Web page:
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What Types of Ice Removal Systems Are Safe for Lawns?

Posted on February 6, 2014 by Lawn Doctor

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We are now living through one of the harshest winters in the United States in years, with lots of snow and bitterly cold temperatures in some portions of the U.S., which is causing more ice than usual. That type of harsh weather means that people are more likely to use special deicing compounds like sodium chloride (rock salt) to unfreeze their sidewalks and driveways. And local sanitation authorities are using rock salt on the roads before snowstorms.

All of that means is that these deicing products, like rock salt, calcium chloride, magnesium chloride, potassium chloride, and urea can ultimately end up on your lawn. And these ice removal compounds can potentially cause damage to your lawn, especially if overused. So what can you to protect your lawn? Here are some tips:

Think shoveling first

While it is understandable that people want to keep their walkways as safe and as ice-free as possible, some people “oversalt” their sidewalks and driveways, putting on too much product. In some cases, not only can these pathways be damaged from the deicing materials, but they can end up on the lawn as well.

Instead, shovel your pathways first, and get as much snow and ice off as you can. And be diligent at it – you may need to go out during a snowstorm to start removing the snow. Also use an ice chipper if needed. The more snow and ice you are able to remove on your own, the less you will need to use any deicing product.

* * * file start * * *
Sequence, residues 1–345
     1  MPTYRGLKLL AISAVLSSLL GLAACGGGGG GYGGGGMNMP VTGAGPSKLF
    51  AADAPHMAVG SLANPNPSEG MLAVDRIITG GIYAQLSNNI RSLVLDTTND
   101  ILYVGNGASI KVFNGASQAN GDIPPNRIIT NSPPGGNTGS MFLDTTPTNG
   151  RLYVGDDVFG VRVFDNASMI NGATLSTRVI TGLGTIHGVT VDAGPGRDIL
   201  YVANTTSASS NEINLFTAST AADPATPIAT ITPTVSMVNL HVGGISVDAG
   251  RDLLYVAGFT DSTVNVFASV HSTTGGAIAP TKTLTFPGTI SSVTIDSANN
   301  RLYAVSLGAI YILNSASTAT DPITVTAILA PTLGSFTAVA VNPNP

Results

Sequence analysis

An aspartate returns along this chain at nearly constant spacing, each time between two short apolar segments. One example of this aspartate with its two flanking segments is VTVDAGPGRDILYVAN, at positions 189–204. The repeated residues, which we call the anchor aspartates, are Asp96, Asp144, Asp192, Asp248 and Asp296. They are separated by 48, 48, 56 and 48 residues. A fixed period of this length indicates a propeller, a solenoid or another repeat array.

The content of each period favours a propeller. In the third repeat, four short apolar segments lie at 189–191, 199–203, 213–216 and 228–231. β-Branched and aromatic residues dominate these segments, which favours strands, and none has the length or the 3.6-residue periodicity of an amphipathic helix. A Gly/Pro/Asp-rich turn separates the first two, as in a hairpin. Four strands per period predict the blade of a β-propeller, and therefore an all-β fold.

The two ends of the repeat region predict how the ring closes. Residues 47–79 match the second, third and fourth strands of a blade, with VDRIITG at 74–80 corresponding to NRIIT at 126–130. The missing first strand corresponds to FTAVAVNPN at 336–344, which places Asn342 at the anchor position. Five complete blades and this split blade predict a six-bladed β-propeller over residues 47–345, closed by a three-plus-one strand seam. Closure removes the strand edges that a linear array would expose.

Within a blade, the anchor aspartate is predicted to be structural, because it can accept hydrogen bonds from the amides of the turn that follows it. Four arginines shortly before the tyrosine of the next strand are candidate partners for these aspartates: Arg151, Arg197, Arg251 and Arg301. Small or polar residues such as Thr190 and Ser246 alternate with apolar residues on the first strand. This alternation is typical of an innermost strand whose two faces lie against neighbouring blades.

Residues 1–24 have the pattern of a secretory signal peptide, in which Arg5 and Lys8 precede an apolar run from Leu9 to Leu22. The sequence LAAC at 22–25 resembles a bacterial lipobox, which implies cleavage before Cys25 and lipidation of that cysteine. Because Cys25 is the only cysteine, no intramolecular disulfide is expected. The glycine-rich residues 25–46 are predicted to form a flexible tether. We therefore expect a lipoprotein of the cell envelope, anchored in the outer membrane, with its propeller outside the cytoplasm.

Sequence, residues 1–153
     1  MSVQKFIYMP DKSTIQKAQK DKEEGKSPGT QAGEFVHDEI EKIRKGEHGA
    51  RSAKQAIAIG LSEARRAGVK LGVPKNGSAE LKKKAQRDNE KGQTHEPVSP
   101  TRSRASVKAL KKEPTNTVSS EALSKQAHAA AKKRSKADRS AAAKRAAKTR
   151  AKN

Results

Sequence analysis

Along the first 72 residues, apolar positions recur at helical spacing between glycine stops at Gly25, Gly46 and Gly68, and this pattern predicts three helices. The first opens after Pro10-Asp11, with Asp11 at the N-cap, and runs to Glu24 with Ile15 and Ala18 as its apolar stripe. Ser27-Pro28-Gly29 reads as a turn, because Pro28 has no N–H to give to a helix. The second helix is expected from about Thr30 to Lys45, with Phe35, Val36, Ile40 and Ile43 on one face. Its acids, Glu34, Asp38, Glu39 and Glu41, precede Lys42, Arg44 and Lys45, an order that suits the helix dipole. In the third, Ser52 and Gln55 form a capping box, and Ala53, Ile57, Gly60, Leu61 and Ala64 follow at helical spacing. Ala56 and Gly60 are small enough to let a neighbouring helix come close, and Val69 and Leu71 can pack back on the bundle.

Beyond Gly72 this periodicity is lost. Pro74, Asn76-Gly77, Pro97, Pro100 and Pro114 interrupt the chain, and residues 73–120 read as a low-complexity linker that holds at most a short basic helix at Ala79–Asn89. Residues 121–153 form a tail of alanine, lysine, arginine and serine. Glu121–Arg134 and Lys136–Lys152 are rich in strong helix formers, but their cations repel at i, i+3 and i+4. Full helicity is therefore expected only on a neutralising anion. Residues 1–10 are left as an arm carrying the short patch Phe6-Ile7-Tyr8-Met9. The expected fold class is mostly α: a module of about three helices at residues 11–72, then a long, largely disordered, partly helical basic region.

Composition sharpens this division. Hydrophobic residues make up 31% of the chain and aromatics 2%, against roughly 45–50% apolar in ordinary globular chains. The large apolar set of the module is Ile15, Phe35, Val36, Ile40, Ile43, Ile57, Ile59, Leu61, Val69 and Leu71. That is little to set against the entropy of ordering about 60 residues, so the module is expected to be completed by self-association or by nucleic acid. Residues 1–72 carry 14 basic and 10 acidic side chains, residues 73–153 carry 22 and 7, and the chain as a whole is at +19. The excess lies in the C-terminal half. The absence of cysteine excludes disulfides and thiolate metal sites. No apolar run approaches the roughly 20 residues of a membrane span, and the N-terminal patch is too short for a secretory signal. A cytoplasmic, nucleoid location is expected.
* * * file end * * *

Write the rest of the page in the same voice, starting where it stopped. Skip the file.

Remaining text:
And if you do use rock salt and other products, make sure that you limit dumping the snow and ice you pick up on your lawn, to limit the damage.

Look for products that will cause less damage to lawns

One product to consider is calcium magnesium acetate – it can be less corrosive than other products. However, it is significantly more expensive than rock salt and other deicing products, so it may be cost-prohibitive. Other products that may be less damaging than traditional rock salt are magnesium chloride and calcium chloride. Urea, a fertilizer, also has deicing capabilities, but in some states, fertilizers are banned for winter use due to the potential of it getting in the water supply, so pay attention to your area’s regulations. At any rate, read the labels on any products you buy, and see what the side effects can be.

Use commercial deicing products sparingly

A little can go a long way when it comes to rock salt and the like. You don’t need to dump it in every nook and cranny; give the product time to work before reapplying.

Don’t forget these old-fashioned remedies

While sawdust, kitty litter, and the like do not melt ice, they can provide traction on slippery walkways. Mix them into your snow and ice removal routine. You can either just use them, or use them with a small amount of deicing materials.

Talk to your Lawn Doctor professional

Your Lawn Doctor lawn care expert may have some applicable advice for you on how to protect your lawn, as well as how to repair damage to your lawn that may occur from deicing products. Reach out to them to learn more.

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